As well as that I’ve been dashing off a short story about a woman whose mother has dementia; this will go to the People’s Friend very shortly.  I’ve decided to try writing for mainstream magazines again; I’m tired of giving a story my all for litmags and being paid a pittance.  Though I did get some unexpected pay in the post for a recent poetry performance, so that was good.

Apparently the Serenity event yesterday raised over £700, which is excellent.  Oh, and my post from a couple of days ago is listed as one of the top five on Lonely Blogs:


That’s the site, though I can’t find any reference to the top five, so they may just be flattering me.  Ah well..

Kirk out

I am Now Serene

Science Fiction was all around today as I attended a ‘Serenity’ event to raise money for Women’s Aid.


I had only the vaguest idea of what the Serenity bit was all about, as I have never seen Firefly or Serenity (both by Joss Wheedon) and besides, I arrived after the film had started, failed to find a seat, bumped into several people, had a hissed conversation with Mark and then left to sit in Town Hall square and gather my thought, ready for my poetry slot.  Town Hall Square was a nice mix of relaxed people and drunks.  Although I guess the drunks were relaxed as well.


There were six or seven poets after the film had finished and Chris Conway arrived before his gig slot to hear us, which was nice.  I did three poems, ‘Doctor’, ‘A Martian Sends an Email Home’, and ‘To the Looking Glass.’  The first two are obviously sci-fi and the third is about women, so I thought it fitted in nicely.  Mark also did a couple of poems and the whole event was admirably organised by Tabby and Dave Wood.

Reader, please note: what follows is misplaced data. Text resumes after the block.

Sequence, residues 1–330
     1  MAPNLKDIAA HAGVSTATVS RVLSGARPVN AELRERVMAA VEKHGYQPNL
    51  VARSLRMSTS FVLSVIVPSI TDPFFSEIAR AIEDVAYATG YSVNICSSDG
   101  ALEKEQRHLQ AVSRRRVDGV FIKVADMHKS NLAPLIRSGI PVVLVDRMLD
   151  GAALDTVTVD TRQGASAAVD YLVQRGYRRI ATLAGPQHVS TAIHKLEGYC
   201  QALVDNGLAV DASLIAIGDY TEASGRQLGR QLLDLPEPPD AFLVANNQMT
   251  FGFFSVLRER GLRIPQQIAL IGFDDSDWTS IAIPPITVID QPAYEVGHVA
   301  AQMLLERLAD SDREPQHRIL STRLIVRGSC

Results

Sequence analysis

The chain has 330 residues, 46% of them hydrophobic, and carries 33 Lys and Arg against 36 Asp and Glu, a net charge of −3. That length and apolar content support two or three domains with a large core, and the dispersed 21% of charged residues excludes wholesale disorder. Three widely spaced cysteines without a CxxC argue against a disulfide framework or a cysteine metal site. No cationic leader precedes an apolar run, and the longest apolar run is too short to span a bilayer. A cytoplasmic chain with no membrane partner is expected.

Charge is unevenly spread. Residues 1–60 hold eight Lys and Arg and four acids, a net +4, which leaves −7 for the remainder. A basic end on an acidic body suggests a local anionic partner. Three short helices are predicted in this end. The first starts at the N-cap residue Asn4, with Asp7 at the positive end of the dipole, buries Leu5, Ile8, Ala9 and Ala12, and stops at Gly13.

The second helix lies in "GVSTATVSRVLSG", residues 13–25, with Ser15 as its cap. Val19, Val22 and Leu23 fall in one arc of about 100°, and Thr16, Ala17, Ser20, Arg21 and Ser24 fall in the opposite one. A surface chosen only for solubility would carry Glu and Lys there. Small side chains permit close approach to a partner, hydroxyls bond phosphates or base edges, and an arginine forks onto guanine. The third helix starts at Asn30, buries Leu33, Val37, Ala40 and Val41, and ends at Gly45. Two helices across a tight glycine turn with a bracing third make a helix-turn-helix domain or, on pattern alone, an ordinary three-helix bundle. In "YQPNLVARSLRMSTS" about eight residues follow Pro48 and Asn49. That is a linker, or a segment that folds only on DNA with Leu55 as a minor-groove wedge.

Alas, I didn’t stay to hear Chris Conway’s set: Daniel has a perforated eardrum, so I came home after that just in case he was feeling ill again.  He’s a bit better today, but he will have to see the doctor tomorrow.  Chris was very forgiving, especially as we’ve been to three of his gigs in the last month…

Lots of people were dressed in weird costumes which related to the film; one woman even wore a pink dress with a crinoline; and there was a plethora of orange-and-green woolly hats.  I, however, wore only trousers and t-shirt as I ascended the stage to perform my stuff.  It went down well, though it’s always harder in environments where people are not used to poetry; however several people were complimentary afterwards and I left behind some booklets to be sold for Women’s Aid.

And that was today.  I notice Djokovic has won Wimbledon, which is a bit of a surprise.  A good year for the East Europeans then…

Kirk out